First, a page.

« PreviousContinue »
ALPHABETICAL INDEX TO ARTICLES.
Antiquity of Writing in India, The. By Rai Bahadur
Asahaya tbe Commentator of the Gautama Dharmasutra
and the Naradasmriti. By P. V. Kano, M.A., LI.M. 120-124
Annual Report of the Bibar and Orissa Research Society for
Buddhaghosa's Visits to Ceylon and Burma and his remini.
scences of the Island of Lanka. By Bimala Charan
Chronology of the Nyaya System. By Mahamahopadhyaya
Haraprasud Sastri, M.A., C.1.Ě.
Ho Folk-lore. By Sukumar Haldar, B.A.
Journal of Francis Buchanan (Patna and Gaya Districts)
with Notes and Introduction. By V. H. Jackson, M.A. 145-366
Orissa. By Professor S. Krishnaswami Aiyangar, M.A.,
Proceedings of the Annual General Meeting of the Bibar and
Studies in the Cults of the District of Champaran in North
Bihar. The Cult of the Godling Birchhe Deo. By Sarat
Sisur-Angirasah Kavih. By Surendranath Majumdar, M.A.,
Printed by the Superintendent, Patna Law Press Co.
BEHAR AND ORISSA RESEARCH SOCIETY
For the year 1922,
Singh, G.C.I.E., K.B.E., Darbhanga.
K C.I.E , of Gidhour.
Singh Deo, K.C.I E., of Sonepur State.
BIHAR AND ORISSA
BY PROFESSOR S. KRISHNASWAMI AIYANGAR, M.A.,
HoN, PH. D.
This modern expression is a corruption of Odraddéga and takes into it the territories known by the names Kalinga, Utkala, Odra or Oddı and even a part of Daśārņa. It took in the whole territory which at one time in history was included in the name Kosala, obviously South Kosala, as distinct from the north. The exact territorial limits of this Kosala in the eleventh century seem to have corresponded more or less to the present day territorial limits of the Tributaris States of Orissa *
Of these the territory included in the name Kalinga seems to be the oldest, and in that name the whole may be referred to for any purposes of historical discussion.
I have not so far come upon any reference to Kalinga as such in Vedic literature. But among the kingdoms of the South the rulers of which are described in the Aitaröya Brāhmaṇa generally as assuming the title Bhoja, Kalinga seems capable of inclusion, though there is no explicit statement to the effect. There are specific references, however, in a number of places in the Malıābhārata to the kingdom of Kalinga. A part from stray references to Kalinga rulers as such, and the part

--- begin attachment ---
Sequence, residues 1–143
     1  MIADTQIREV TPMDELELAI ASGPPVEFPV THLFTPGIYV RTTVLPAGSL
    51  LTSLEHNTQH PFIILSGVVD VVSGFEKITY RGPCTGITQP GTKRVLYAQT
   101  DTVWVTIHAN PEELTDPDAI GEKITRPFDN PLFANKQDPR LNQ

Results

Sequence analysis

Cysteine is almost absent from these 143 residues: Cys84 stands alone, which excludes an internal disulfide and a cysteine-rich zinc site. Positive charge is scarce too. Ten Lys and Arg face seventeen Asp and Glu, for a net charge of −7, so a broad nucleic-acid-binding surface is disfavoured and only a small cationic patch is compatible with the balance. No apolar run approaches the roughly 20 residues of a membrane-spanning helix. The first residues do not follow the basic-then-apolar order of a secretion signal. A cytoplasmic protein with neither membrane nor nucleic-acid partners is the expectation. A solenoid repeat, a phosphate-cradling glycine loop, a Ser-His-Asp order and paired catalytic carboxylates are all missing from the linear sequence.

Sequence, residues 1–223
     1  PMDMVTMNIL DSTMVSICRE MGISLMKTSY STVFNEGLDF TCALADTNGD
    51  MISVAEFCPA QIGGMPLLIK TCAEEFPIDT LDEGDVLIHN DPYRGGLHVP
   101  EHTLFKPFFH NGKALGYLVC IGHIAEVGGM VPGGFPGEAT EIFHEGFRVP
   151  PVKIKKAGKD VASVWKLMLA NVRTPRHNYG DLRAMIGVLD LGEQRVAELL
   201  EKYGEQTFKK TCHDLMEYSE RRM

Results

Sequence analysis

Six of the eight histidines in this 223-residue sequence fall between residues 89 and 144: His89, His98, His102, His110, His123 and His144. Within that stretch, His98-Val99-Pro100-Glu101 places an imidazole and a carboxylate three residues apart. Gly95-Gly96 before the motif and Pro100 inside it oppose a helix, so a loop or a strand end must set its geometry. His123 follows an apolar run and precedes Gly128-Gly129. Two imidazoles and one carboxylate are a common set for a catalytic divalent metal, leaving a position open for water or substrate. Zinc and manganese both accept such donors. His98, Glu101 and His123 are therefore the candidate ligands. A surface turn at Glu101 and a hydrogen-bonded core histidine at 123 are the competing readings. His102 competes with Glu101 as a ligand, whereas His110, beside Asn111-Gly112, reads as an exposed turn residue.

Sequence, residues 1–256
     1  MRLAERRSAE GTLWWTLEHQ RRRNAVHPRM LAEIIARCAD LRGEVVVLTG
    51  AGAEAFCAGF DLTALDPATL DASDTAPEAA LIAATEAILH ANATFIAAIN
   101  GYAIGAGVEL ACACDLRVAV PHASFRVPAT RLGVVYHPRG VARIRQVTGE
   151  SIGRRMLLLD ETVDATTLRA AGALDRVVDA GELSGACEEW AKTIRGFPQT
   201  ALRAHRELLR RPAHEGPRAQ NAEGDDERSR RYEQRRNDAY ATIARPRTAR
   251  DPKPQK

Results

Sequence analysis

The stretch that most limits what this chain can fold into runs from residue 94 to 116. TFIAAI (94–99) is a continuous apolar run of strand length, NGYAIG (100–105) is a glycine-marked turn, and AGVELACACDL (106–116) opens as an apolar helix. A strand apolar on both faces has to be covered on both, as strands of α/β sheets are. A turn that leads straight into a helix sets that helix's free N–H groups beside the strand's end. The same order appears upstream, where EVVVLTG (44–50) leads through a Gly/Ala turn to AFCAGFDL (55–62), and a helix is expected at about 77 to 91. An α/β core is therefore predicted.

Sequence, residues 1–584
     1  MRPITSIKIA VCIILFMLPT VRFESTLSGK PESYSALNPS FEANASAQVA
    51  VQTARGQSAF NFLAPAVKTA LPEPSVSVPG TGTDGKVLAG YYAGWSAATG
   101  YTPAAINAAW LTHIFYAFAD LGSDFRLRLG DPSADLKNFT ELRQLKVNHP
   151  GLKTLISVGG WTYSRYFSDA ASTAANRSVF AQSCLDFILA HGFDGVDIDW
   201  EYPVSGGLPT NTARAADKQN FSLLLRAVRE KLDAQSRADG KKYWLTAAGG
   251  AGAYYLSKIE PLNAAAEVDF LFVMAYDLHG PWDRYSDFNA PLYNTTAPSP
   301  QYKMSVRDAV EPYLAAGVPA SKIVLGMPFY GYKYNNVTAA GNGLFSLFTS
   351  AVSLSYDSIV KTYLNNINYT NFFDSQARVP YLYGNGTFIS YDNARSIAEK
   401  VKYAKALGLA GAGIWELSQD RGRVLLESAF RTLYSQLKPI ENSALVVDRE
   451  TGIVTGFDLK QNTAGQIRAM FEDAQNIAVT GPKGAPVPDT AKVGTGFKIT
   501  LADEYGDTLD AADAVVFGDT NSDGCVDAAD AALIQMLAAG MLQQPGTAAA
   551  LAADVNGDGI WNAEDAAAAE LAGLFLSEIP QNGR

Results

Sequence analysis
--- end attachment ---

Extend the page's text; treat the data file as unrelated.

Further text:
* Sec Inscriptions of Rajendra Chola I.
that the individual Kalinga rulers played in the Great War, Kalinga is described as a forest country beginning as soon as the river Vaitaraņi is reached. The ruling dynasty is referred to as the descendants begotten on the Queen Sushena of Kalinga, wife of Bali, by Rishi Dirghatama * and the five sons born to her a re said to have founded the five kingdoms: Anga, Vanga, Kalinga, Pundra and Suhma. Of these five, the kingdom of Anga comprised the territory round Bhagalpur (ancient Champa) on the Ganges. Vanga was the region probably on both sides of the Ganges, though the great bulk of its territory seems to have lain to the east of the river, extending from the frontiers of Vanga to the sea. To the west of this seems to have lain Kalinga. Pundra has been known to correspond to North Bengal, that is, the territory on the northern side of the Ganges and perhaps to the east of the kingdom of Kosala. The location of Suḥma is not quite so definite, but it seems to have comprised the territory on the southern side of the Ganges extending from the river south wards to the frontiers of Kalinga east of the territory of Magadha. This description would make Kalinga extend from the Ganges westwards, at any rate from the Rupnarain arm of the Ganges, at the mouth of which was situated the ancient port of Tāmralipti (the modern Damlok). Throughont the greater part of history Kalinga seems to have corresponded to the region extending from this river to the river Godāvari, and stretching from
into the interior marked by a vague line drawn along the course of the river Indrāvati to its junction with the Godavari and along its course northwards to meet the Ganges near the town of Burdwan.
In the Mabābhārata itself Kalinga is spoken of as one kingdom and its capital is named Rājapuri. In this particular connection the ruler of Kalinga is given the name Chitrangada, whose daughter the Kaurava Prince Duryodhana is said to have married. So far, then, as the Mahābhārata is concerned, Kalinga was a forest kingdom on both sides of the Vaitaraại. It seems to have been regard
in the ed as a single kingdom and its ruler is described as Mahābhārata war. There is mention of Kalinga in the Sūtras of Pāṇini. There are a number of references in the Arthaśāstra to Kalinga, particularly in reference to cotton fabric of a special kind.
*The Mahabharata, Bk. XII, Ch. 4 (Kumbh. Eda.).